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amount applicants Assistant Association attendance bave better building called cent certificates child Commissioner committee course Department discussion districts drawing elected English equal examination experience Explain expression fact five four give given grade grammar held high school hold idea important institute instruction interest language matter means meetings method Michigan mind Name nature nearly necessary Normal observation officers organized past person physical practical preparation present President Professor pupils question reading reason received relation seems sentence sobool street success suggested Superintendent Supt taken teachers teaching term things third thought tion township United University week whole writing
Page 299 - The crow doth sing as sweetly as the lark, When neither is attended ; and, I think The nightingale, if she should sing by day, When every goose is cackling, would be thought No better a musician than the wren.
Page 325 - tis a common proof, That lowliness is young ambition's ladder, Whereto the climber-upward turns his face; But when he once attains the upmost round, He then unto the ladder turns his back, Looks in the clouds, scorning the base degrees By which he did ascend: so Caesar may; Then, lest he may, prevent.
Page 315 - Seems, madam ! nay, it is ; I know not 'seems.' 'Tis not alone my inky cloak, good mother, Nor customary suits of solemn black...
Page 316 - And how did Garrick speak the soliloquy last night? — Oh, against all rule, my Lord, — most ungrammatically! betwixt the substantive and the adjective, which should agree together in number, case and gender, he made a breach thus, — stopping, as if the point wanted settling; and betwixt the nominative case., which your lordship knows should govern the verb, he suspended his voice in the epilogue a dozen times, three seconds and three fifths by a stop-watch, my Lord, each time.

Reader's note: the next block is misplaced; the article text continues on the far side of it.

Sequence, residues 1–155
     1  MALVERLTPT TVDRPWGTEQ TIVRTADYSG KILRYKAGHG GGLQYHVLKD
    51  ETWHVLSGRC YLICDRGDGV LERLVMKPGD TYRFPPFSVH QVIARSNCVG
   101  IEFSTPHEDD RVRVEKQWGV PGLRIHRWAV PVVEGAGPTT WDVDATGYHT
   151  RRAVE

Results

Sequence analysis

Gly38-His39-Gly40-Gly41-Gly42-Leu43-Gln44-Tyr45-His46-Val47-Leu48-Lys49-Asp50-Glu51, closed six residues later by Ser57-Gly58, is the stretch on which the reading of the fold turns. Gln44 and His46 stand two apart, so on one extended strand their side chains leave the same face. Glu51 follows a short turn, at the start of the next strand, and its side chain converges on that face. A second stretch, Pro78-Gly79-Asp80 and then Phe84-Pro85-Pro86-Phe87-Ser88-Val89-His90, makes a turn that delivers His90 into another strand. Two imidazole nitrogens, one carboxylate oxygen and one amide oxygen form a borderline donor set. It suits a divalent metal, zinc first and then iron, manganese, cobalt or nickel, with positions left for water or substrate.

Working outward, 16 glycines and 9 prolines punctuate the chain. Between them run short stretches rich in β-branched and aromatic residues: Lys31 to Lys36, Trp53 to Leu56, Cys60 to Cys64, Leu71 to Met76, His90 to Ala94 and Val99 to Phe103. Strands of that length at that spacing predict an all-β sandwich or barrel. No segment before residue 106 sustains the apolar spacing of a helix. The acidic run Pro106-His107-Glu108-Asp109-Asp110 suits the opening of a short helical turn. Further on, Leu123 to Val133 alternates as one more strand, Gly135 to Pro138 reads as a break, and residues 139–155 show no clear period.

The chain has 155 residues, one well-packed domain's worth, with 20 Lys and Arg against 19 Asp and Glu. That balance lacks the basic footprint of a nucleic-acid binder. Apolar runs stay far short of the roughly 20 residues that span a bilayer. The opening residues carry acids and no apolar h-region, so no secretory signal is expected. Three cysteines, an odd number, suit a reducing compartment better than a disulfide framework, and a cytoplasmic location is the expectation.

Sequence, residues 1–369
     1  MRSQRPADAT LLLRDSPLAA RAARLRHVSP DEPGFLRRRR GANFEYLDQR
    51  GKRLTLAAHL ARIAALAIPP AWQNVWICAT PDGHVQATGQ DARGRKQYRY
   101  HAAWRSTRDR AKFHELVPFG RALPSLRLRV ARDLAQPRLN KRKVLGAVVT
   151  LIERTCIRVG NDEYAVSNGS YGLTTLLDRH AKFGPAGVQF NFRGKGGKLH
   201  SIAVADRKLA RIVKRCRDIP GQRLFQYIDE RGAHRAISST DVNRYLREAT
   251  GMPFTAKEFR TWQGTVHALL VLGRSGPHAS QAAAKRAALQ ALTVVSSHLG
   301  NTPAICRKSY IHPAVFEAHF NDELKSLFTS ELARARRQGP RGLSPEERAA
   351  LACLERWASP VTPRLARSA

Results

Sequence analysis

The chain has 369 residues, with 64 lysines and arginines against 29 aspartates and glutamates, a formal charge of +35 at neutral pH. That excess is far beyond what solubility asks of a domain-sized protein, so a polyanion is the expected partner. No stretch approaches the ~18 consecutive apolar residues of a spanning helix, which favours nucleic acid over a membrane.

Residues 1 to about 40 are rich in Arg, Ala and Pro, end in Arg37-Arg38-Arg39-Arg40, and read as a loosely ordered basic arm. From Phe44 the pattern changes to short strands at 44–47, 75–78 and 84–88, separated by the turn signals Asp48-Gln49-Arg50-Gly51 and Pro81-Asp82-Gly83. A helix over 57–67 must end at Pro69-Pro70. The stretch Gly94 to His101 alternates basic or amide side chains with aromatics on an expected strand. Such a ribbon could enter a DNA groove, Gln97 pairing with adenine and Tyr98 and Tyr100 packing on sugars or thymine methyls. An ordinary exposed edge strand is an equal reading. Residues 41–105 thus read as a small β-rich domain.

Page 330 - King of two hands, he does his part In every useful toil and art; A heritage, it seems to me, A king might wish to hold in fee.
Page 55 - To him who in the love of nature holds Communion with her visible forms, she speaks A various language; for his gayer hours She has a voice of gladness, and a smile And eloquence of beauty, and she glides Into his darker musings, with a mild And healing sympathy, that steals away Their sharpness, ere he is aware.
Page 330 - Who, hopeless, lays his dead away, Nor looks to see the breaking day Across the mournful marbles play ! Who hath not learned, in hours of faith, The truth to flesh and sense unknown, That Life is ever lord of Death, And Love can never lose its own ! We sped the time with stories old, Wrought puzzles out, and riddles told, Or stammered from our school-book lore " The Chief of Gambia's golden shore.
Page 315 - Nor the dejected haviour of the visage, Together with all forms, modes, shows of grief, That can denote me truly: These, indeed, seem, For they are actions that a man might play : But I have that within, which passeth show; These, but the trappings and the suits of woe.
Page 27 - GREAT nations write their autobiographies in three manuscripts — the book of their deeds, the book of their words, and the book of their art. Not one of these books can be understood unless we read the two others ; but of the three, the only quite trustworthy one is the last.